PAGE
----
Conducted by looking at light emitted by hydrogen ions, using the Isaac Newton Telescope on La Palma, the survey contains stunning red images of nebulae and stars. The data is described in a paper submitted to the Monthly Notices of the Royal Astronomical Society.
The University of Hertfordshire hosts the Principal Investigator and further members of the IPHAS consortium. IPHAS is a survey of the Northern Galactic Plane being carried out, in Ha, r and i filters, with the Wide Field Camera (WFC) on the 2.5-metre Isaac Newton Telescope (INT).
To date, the IPHAS survey includes some 200 million unique objects in the newly released catalogue. This immense resource will foster studies that can be at once both comprehensive and subtle, of the stellar demographics of the Milky Way and of its three-dimensional structure.
Professor Janet Drew of the University of Hertfordshire said: “Using the distinctive Hydrogen marker we are able to look at some of the least understood stars in the Galaxy – those at the early and very late stages of their life cycles. These represent less than one in a thousand stars, so the IPHAS data will lead to a greatly improve our picture of stellar evolution.”
This initial data release is of observations of the Northern Plane of the Milky Way (the star filled section) that cover 1600 sq deg, in two broadband colours, and a narrow band filter sensitive to the emission of Hydrogen in the red part of the spectrum (H-alpha emission). The image resolution is high enough to permit the detection of individual stars exhibiting H-alpha emission, in addition to the diffuse gas that makes up the often-beautiful glowing nebulae that lower spatial resolution surveys have made known to us before.
The IPHAS survey will eventually be extended to cover the entire galactic plane of our galaxy, with a coverage approaching 4000 square degrees (for comparison, the moon on the sky as seen from Earth covers ~0.1 square degrees).
From rocks in Colorado, evidence of a 'chaotic solar system'
23.02.2017 | University of Wisconsin-Madison
Prediction: More gas-giants will be found orbiting Sun-like stars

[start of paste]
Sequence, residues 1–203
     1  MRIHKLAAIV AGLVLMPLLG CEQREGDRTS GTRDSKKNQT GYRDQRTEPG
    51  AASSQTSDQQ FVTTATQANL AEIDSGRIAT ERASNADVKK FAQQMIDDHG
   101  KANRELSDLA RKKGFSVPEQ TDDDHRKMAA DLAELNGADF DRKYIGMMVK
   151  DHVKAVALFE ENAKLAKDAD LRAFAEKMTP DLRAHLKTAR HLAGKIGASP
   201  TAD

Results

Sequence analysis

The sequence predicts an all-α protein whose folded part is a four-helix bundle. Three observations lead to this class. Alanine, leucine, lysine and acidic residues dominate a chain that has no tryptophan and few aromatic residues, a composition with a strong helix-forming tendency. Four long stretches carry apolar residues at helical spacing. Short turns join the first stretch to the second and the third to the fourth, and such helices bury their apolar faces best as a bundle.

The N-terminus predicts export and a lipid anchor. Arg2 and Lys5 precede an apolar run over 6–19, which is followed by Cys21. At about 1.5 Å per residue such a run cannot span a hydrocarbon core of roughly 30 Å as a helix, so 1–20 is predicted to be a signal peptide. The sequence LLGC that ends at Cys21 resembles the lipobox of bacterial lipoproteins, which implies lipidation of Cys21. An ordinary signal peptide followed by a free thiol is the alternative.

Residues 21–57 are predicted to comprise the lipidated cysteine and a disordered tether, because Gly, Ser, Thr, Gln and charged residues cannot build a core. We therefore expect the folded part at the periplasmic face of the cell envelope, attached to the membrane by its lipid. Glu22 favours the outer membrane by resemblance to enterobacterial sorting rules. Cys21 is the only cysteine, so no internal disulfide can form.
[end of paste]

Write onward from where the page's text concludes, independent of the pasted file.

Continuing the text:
22.02.2017 | Carnegie Institution for Science
On January 15, 2009, Chesley B. Sullenberger was celebrated world-wide: after the two engines had failed due to bird strike, he and his flight crew succeeded after a glide flight with an Airbus A320 in ditching on the Hudson River. All 155 people on board were saved.
On January 15, 2009, Chesley B. Sullenberger was celebrated world-wide: after the two engines had failed due to bird strike, he and his flight crew succeeded...
Cells need to repair damaged DNA in our genes to prevent the development of cancer and other diseases. Our cells therefore activate and send “repair-proteins”...
The Fraunhofer IWS Dresden and Technische Universität Dresden inaugurated their jointly operated Center for Additive Manufacturing Dresden (AMCD) with a festive ceremony on February 7, 2017. Scientists from various disciplines perform research on materials, additive manufacturing processes and innovative technologies, which build up components in a layer by layer process. This technology opens up new horizons for component design and combinations of functions. For example during fabrication, electrical conductors and sensors are already able to be additively manufactured into components. They provide information about stress conditions of a product during operation.
The 3D-printing technology, or additive manufacturing as it is often called, has long made the step out of scientific research laboratories into industrial...
Nature does amazing things with limited design materials. Grass, for example, can support its own weight, resist strong wind loads, and recover after being...
13.02.2017 | Event News
10.02.2017 | Event News
09.02.2017 | Event News
27.02.2017 | Materials Sciences
27.02.2017 | Interdisciplinary Research
27.02.2017 | Life Sciences